News 19 May 16

Serbia Accused of Not Cooperating with UN Court

A Serbian court decision not to extradite three Serbian Radical Party members who are wanted for alleged witness intimidation to the Hague Tribunal has sparked accusations of non-cooperation from Croatia.

Milivoje Pantovic
The International Criminal Tribunal for the Former Yugoslavia in The Hague. Photo: ICTY.

Croatian Vice Prime Minister Tomislav Karamarko on Thursday accused Serbia of not cooperating with the International Criminal Tribunal for the Former Yugoslavia, ICTY by refusing to extradite the three wanted members of the nationalist Serbian Radical Party.

Karamarko said Croatia had to extradite its generals Ante Gotovina, Mladen Markac and Ivan Cermak to the ICTY even though this caused “a pain in its heart”.

“Serbia can’t act in a way that violates EU standards,” he said.

He warned that Serbia “shouldn’t fail to resolve such issues” if it wants Croatia’s backing during its EU accession process.

Croatia last month blocked Serbia from opening negotiations with Brussels on chapters 23 and 24 of the EU legislation it needs to adopt during its European accession process, citing concerns about Belgrade’s record on war crimes.

The three Serbian Radical Party members - Vjerica Radeta, Jovo Ostojic and Petar Jojic - are accused of being in contempt of court for threatening witnesses at their leader Vojislav Seselj’s trial at the ICTY.

They are also accused of blackmailing protected witnesses and offering them bribes of 500 euros not to testify at Seselj’s trial.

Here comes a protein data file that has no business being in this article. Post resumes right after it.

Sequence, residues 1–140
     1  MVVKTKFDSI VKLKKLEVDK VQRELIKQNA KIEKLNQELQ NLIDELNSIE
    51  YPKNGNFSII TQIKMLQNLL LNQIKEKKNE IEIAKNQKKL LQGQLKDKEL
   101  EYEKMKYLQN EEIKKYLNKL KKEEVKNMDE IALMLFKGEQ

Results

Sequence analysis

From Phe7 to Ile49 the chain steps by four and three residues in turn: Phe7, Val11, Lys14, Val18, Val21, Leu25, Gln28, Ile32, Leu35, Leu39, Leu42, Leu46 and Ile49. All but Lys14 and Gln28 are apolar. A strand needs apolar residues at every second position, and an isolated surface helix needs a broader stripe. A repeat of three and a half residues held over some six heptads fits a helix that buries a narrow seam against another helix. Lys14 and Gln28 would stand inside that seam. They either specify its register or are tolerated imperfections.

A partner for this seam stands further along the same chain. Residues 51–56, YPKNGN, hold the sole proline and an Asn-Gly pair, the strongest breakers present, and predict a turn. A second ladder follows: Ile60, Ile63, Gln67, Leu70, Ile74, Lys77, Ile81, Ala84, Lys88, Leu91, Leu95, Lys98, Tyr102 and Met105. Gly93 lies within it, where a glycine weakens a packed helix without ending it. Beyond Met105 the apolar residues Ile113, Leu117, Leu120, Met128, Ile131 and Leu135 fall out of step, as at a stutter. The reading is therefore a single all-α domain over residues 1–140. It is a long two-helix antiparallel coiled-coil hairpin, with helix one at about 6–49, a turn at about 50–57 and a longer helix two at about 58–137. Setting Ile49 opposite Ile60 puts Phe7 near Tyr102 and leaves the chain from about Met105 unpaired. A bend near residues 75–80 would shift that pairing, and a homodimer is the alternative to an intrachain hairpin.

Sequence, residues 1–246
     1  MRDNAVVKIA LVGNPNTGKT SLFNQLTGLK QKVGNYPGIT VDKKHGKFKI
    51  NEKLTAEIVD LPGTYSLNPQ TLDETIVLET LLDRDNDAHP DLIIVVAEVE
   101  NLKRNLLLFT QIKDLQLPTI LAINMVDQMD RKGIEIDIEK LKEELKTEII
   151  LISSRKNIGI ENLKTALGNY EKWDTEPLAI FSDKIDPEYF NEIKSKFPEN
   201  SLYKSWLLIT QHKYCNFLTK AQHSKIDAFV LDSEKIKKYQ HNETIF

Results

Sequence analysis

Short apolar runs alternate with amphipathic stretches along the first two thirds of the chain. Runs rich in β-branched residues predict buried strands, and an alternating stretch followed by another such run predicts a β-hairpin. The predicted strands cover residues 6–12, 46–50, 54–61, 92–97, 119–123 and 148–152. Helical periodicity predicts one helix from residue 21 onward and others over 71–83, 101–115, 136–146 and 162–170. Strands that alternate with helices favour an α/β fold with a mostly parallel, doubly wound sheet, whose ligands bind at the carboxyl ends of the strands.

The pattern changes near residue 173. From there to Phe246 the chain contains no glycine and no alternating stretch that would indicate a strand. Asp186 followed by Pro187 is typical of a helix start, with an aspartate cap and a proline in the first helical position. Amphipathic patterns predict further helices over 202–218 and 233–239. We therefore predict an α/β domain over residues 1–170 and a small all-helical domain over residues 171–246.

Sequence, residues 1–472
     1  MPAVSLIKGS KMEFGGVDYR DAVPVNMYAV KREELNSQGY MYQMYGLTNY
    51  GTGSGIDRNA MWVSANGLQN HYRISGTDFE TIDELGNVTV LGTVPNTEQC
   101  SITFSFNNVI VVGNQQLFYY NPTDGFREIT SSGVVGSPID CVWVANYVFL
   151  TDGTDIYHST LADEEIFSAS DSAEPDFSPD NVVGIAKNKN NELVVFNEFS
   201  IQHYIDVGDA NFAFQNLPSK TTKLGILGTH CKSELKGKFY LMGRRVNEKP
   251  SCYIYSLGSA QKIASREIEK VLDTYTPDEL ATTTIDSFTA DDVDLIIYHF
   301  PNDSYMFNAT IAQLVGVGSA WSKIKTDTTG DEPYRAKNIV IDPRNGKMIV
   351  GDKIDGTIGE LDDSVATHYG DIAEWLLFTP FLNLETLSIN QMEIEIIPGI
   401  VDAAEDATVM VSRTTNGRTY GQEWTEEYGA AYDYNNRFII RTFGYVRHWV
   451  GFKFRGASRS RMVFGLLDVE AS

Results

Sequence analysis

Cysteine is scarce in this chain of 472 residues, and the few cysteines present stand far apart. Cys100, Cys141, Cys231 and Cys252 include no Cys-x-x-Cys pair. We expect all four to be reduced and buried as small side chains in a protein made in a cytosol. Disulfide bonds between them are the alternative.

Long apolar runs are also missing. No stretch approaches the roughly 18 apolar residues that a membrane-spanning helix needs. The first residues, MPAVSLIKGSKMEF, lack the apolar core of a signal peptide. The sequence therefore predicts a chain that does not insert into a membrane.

The Higher Court in Belgrade ruled on Wednesday that Serbia can only arrest people wanted by the ICTY who are charged with war crimes, genocide or crimes against humanity.

The president of Serbia’s council for cooperation with the ICTY, Rasim Ljajic, said on Wednesday that the Belgrade court ruling could be used against Serbia when a report on its cooperation with the Hague war crimes court is presented to the UN Security Council next month.

“We will see what the Tribunal’s next step will be, whether they will continue to put pressure on Serbia [UN Security Council] using the UNSC and Brussels,” said Ljajic.

Serbian Prime Minister Aleksandar Vucic responded to Karamarko’s comments on Thursday by saying that he would not be lectured on his country’s internal affairs.

“I will not intervene in the internal matters of Croatia so I would kindly ask that if they have to deal with matters in Serbia, [they should] at least be accurate,” said Vucic.

As well as accusing Belgrade of not cooperating fully with the ICTY, Zagreb wants Belgrade to change a law which gives Serbian courts the jurisdiction to prosecute war crimes committed anywhere in the former Yugoslavia during the 1990s wars, which it fears could be used to target Croats.

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